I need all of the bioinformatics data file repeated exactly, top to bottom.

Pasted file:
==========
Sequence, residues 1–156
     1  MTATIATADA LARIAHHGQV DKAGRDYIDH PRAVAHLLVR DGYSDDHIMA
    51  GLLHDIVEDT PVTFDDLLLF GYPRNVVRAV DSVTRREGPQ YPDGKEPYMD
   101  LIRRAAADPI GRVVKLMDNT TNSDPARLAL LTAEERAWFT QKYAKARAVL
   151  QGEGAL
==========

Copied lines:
Sequence, residues 1–156
     1  MTATIATADA LARIAHHGQV DKAGRDYIDH PRAVAHLLVR DGYSDDHIMA
    51  GLLHDIVEDT PVTFDDLLLF GYPRNVVRAV DSVTRREGPQ YPDGKEPYMD
   101  LIRRAAADPI GRVVKLMDNT TNSDPARLAL LTAEERAWFT QKYAKARAVL
   151  QGEGAL